How to Be Acquired by Microsoft

Jon Gelsey, Director of Corporate Development from Microsoft joined us in Vancouver yesterday to share some insights on the process that he goes through when considering to “buy vs. build:”

  1. Adjacency – For starters, Jon said they look for companies that are “adjacent to the core business.”  In some instances they have bought companies that are not necessarily adjacent but something they know they could benefit from moving forward. A perfect example of this is their acquisition of Aquantive in 2007, which they knew would help better monetize Microsoft’s online content.
  2. Valuation – Considering valuation and doing a model helps Jon decide how much more money they will make by buying your company today vs. developing the technology in-house and releasing it in 8-10months.  “At the end of the day, a valuation is all about what someone is willing to pay for you,” Jon said.
  3. Think like a VC – Since everything moves really quick in the tech industry, Jon needs to think like a VC and have an asymmetric risk return.  Models are imprecise.  And at the end of the day, Jon and his team have to decide that based on their model and the assumptions is this acquisition “directionally correct.”  What matters most to Microsoft is taking market share and keeping it.
  4. Market Traction & Technology –  Two girls in a garage with a few users vs. 20 people in an office with real customers makes a difference.  Microsoft is looking for traction, credibility and getting another point of “query share.”   That said, Jon stressed that the size of your company, number of employees, and price is all ultimately irrelevant.  Microsoft will happily consider buying a two person company or a larger entity.  However, they sweet spot is a company with less than 50 employees because of the low organizational impact.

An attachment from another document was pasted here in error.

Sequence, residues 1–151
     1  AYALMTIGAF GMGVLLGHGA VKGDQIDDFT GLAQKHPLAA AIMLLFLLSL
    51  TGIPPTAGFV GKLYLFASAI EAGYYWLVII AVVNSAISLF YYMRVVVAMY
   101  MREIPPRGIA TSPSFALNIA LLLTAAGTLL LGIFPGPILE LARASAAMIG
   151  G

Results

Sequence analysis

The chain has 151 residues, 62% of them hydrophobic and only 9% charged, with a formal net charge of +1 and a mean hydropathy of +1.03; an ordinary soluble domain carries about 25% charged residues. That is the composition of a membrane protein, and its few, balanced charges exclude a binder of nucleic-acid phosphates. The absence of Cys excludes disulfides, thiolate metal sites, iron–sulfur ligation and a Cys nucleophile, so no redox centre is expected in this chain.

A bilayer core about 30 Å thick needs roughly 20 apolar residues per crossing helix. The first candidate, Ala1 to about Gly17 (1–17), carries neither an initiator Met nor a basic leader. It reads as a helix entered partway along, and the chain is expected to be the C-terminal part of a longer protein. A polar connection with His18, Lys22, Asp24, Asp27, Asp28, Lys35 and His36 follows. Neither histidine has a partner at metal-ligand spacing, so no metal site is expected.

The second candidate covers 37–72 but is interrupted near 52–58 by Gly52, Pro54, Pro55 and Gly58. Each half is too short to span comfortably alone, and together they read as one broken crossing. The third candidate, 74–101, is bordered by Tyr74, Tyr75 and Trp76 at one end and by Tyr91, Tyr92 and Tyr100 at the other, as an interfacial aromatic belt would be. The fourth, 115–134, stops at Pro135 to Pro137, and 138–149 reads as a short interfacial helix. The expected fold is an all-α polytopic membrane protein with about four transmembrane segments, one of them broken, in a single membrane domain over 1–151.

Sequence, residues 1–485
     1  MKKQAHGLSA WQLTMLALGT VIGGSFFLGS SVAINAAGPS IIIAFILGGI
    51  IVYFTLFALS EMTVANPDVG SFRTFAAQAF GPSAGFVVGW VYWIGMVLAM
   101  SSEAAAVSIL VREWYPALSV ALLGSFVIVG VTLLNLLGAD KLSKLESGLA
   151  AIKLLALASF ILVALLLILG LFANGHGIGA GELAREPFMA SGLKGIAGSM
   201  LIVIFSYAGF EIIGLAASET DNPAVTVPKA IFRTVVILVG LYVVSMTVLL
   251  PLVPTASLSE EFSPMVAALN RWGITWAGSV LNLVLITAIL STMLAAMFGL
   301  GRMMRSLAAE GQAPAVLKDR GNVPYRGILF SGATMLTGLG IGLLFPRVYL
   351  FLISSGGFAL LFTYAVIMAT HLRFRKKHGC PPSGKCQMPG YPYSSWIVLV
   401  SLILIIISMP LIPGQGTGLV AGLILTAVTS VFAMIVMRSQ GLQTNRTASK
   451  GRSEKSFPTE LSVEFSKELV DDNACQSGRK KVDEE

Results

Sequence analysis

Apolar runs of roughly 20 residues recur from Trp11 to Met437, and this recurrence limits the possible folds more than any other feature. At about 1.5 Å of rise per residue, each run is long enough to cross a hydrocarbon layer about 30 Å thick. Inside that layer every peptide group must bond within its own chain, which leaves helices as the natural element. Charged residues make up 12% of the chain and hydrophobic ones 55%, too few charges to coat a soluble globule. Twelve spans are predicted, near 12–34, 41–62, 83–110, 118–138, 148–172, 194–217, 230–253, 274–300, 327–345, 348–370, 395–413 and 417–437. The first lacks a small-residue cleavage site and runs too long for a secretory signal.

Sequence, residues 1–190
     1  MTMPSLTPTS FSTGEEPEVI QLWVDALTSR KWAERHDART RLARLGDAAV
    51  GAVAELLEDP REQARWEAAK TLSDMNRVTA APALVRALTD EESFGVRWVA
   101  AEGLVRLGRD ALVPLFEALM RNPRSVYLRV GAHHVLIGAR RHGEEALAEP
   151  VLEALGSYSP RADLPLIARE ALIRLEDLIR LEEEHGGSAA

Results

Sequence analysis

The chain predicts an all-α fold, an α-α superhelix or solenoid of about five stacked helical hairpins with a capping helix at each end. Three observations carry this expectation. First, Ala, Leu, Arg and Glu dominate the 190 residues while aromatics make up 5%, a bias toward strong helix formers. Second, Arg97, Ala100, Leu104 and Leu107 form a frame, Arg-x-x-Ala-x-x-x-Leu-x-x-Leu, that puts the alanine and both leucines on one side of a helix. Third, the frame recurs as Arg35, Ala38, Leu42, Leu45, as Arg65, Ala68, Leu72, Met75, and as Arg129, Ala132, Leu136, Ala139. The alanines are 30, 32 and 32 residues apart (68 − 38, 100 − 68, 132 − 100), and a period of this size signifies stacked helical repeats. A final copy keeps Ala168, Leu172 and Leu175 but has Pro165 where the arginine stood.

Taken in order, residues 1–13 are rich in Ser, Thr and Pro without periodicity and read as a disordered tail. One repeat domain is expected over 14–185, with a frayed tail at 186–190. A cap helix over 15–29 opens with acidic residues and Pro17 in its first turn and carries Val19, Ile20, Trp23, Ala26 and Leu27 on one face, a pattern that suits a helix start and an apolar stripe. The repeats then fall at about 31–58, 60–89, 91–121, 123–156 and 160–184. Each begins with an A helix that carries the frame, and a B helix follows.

5. Team and Culture – This is something Microsoft looks closely at.  They have passed on deals for cultural reasons.  While culture is important, Jon’s team looks for good documentation, coding and hiring practices.  And after a price is negotiated, Microsoft will hire an independent third party of your choice to delve deep to find out if your code actually does what is advertised.
  6. Location – Microsoft has bought and invested in companies all over the world.  Location “matters only as much as it becomes a friction point.”  If Microsoft can manage a company remotely, then borders and location are not an issue.
  7. Patent Portfolio – As a startup, you probably don’t want to be spending your money on filing patents.  VCs like Brad Feld would like to abolish software patents all togther. Jon stressed that “any technology is replicable” and if you are concerned bout people stealing your ideas, don’t share your core IP.  Jon mentioned that Bruce Sewell, Apple’s Lawyer believes that a “patent is worth pretty much what it costs to process it.” Execution is what matters.
  8. Get Noticed – If you want to capture Microsoft or any acquirers attention, focus on building a quality company. Execute! Execute! Execute! Don’t worry about the exit.  Jon said, “Performance is the best advertisement.”

And once you do get noticed, be organized.  Eliminate as many friction points as possible to getting the deal done.  If Microsoft asks for your latest financials and historical projections, turn it around fast.  Let them be the bottleneck.

As you build your company, Jon recommends working with good attorneys, practicing good corporate hygiene and engineering practices and fully understanding all risks of the deals you sign.  If there are any weird contracts you sign or deals you do along the way, these can affect your success and possibility of a future exit.